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. Last Updated: 07/27/2016

How Much Is Russia Worth, Mr. Clinton?

One of the golden rules of American politics, ever since it became a catch phrase of the Watergate inquiries that toppled Richard Nixon from the presidency, is "follow the money." Apply this rule to the Clinton administration's foreign policy, and a striking new pattern, a dramatic reordering of priorities, becomes blindingly clear.

This year, official U.S. aid and support for the Russian economy is budgeted at $800 million. The total aid budget for all purposes is $13 billion, of which nearly half goes to Israel and Egypt.

Last week, in a bid to stabilize the economy of Mexico, the United States' southern neighbor and partner in the North American Free Trade Agreement, the Clinton administration put $40 billion on the table. In cash terms, that means Mexican stability is 40 times more valuable to the United States than Russian stability.

It does not mean that the fabled new "Marshall Plan," which was once being touted as the way for the United States and its Western partners to invest in Russian democracy, is dead. Nor does it mean, as the Bush administration used to mumble, that it could not be afforded.

It can be afforded, all right. It has just been redirected -- with the full support of the Republican leaders of Congress -- to a recipient that is deemed more central to U.S. concerns than is Russia.

When Secretary of State Warren Christopher met his Russian counterpart, Andrei Kozyrev, this week, the main items on their agenda were America's distaste for Russian tactics in Chechnya and Russia's objections to NATO expansion.

The United States has floated two new ideas to reassure Russia that a NATO expansion into Poland, Hungary, and the Czech and Slovak republics would not be aimed at widening an anti-Russian alliance. The first idea is for some vaguely worded "Charter of Understanding" between NATO and Russia. The second scheme is for a new NATO Commission to be formed, on which Russia would sit and get the shadow of NATO involvement without its substance.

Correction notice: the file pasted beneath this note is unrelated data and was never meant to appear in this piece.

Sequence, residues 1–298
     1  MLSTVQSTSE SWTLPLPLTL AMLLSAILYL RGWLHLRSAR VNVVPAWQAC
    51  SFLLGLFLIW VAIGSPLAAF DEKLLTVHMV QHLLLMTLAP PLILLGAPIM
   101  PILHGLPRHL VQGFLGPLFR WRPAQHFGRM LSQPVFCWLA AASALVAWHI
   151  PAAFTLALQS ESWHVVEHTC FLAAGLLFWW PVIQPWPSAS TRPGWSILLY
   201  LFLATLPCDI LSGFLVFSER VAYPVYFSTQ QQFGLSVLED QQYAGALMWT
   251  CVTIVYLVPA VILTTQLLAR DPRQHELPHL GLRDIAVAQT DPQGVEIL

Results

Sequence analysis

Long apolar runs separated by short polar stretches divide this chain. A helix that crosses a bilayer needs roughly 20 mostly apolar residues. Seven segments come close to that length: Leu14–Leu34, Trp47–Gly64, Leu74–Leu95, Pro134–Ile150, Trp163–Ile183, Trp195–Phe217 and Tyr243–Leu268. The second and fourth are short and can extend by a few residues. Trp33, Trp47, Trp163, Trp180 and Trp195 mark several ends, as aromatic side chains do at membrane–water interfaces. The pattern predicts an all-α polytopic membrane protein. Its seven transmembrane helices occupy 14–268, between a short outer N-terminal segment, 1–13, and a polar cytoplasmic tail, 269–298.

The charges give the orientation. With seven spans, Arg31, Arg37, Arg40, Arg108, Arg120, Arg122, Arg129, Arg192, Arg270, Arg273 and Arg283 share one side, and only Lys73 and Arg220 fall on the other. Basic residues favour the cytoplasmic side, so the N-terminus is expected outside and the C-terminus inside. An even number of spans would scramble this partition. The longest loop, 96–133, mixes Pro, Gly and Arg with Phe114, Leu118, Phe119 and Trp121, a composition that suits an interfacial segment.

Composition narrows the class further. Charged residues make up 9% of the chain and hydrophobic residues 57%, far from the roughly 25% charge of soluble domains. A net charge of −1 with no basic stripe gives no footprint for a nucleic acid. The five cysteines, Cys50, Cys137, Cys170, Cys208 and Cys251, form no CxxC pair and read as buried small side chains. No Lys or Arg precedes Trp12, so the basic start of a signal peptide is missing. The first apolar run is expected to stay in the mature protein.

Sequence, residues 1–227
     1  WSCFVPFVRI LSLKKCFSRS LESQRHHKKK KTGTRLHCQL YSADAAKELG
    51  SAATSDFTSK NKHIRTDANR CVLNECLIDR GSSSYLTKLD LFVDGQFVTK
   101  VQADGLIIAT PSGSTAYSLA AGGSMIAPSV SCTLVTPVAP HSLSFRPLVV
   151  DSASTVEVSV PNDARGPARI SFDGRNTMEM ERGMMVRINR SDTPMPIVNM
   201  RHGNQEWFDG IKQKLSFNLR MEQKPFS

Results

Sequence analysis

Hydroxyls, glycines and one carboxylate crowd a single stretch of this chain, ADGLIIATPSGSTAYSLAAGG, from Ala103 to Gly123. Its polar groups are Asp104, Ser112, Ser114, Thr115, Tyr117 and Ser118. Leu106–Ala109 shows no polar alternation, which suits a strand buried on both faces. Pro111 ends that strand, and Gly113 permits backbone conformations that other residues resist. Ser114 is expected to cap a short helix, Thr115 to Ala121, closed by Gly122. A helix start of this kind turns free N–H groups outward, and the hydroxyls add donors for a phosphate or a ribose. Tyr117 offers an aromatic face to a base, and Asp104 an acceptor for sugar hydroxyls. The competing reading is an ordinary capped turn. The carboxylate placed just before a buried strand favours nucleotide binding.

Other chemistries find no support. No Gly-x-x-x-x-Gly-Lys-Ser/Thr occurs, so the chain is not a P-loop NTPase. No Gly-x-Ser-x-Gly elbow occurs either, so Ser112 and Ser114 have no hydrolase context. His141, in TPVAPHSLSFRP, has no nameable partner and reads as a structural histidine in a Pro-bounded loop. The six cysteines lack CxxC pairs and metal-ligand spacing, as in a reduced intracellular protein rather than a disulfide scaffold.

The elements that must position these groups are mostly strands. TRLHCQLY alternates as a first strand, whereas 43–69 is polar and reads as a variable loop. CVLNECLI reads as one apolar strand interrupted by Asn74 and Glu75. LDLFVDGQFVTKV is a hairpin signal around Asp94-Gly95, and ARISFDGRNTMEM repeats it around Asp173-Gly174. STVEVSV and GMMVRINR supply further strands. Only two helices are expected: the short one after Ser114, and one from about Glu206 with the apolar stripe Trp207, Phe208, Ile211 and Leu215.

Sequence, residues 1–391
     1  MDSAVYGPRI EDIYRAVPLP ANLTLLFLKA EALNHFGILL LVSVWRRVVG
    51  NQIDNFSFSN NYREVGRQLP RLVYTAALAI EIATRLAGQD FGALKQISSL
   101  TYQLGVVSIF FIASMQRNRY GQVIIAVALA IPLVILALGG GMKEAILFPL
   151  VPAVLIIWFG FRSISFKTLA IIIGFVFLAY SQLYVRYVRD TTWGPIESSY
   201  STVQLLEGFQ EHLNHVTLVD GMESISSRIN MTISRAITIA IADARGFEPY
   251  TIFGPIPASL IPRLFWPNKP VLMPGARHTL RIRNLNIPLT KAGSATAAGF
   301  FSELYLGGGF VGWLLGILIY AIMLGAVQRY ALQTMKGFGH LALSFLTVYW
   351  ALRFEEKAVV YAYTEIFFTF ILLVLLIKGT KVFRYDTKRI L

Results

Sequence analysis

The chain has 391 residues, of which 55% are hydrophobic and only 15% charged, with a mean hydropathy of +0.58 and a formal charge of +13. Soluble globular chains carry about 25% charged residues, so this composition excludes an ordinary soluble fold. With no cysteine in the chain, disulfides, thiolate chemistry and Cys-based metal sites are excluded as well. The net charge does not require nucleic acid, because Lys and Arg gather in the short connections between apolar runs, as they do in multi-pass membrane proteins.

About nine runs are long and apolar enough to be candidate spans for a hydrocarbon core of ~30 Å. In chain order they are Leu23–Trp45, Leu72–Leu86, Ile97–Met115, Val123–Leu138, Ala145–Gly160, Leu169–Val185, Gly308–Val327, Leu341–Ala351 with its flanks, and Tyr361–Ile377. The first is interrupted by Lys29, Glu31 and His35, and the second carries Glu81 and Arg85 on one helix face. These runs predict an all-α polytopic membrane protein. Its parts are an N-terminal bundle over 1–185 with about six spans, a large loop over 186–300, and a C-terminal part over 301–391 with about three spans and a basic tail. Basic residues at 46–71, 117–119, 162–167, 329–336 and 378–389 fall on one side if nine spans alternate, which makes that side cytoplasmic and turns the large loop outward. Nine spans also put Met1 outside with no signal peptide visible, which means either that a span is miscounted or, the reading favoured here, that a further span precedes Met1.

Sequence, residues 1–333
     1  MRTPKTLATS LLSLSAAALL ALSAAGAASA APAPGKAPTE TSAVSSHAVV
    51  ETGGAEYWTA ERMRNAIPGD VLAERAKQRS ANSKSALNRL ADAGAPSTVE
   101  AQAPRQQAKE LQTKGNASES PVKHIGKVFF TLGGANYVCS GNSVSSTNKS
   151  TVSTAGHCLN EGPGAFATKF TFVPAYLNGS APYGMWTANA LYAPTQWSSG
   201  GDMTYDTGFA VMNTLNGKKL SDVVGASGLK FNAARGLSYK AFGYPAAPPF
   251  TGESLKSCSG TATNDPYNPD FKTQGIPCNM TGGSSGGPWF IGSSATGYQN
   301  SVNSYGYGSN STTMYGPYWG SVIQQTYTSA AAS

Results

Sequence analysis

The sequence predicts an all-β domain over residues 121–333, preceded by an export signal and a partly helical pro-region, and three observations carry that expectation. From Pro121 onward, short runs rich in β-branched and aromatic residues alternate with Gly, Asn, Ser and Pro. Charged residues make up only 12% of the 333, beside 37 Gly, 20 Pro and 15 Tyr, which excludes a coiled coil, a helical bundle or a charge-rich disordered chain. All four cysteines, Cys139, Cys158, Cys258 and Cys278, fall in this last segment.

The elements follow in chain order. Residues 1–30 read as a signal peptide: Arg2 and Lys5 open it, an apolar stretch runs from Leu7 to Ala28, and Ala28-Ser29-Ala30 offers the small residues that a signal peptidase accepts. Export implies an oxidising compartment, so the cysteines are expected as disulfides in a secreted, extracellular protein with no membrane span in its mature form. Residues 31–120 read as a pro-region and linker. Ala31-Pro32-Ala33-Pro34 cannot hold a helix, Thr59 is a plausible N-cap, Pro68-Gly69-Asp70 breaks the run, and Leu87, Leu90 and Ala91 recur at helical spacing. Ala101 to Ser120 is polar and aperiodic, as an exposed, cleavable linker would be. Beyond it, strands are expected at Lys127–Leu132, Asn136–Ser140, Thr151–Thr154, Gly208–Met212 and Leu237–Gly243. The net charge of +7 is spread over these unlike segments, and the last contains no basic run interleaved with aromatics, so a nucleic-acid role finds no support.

What Deputy Secretary of State Strobe Talbott did not tell Deputy Foreign Minister Sergei Mamedov last week when the two met in Brussels was that these two options are getting uncomfortably close to being a take-it-or-leave-it deal for Moscow. Perhaps Talbott felt there was no need. Russian diplomats can hardly have missed Congress' draft bill HR 7, whose purpose is "to revitalize the national security of the United States."

"It should be the policy of the United States to continue the nation's commitment of an active leadership role in NATO," it states. Then comes the red meat: " ... and facilitate the transition of Poland, Hungary, the Czech Republic and Slovakia to full NATO membership not later than Jan. 10, 1999."

The Clinton administration appears to have a dwindling inclination, and certainly looks short of the political muscle, to stop this. The European NATO powers may prove a more solid obstacle to this development, which would be seen by Yeltsin's Russian critics as a major foreign policy defeat.

But then Boris Yeltsin, whose current market value is $800 million in U.S. policy, does not have a whole lot of leverage against a Mexico whose current market value is $40 billion.

In fact if Yeltsin is successful in inviting Bill Clinton to a Moscow summit this May the most important question he should ask is, "Just how much is Russia worth to you, Bill?"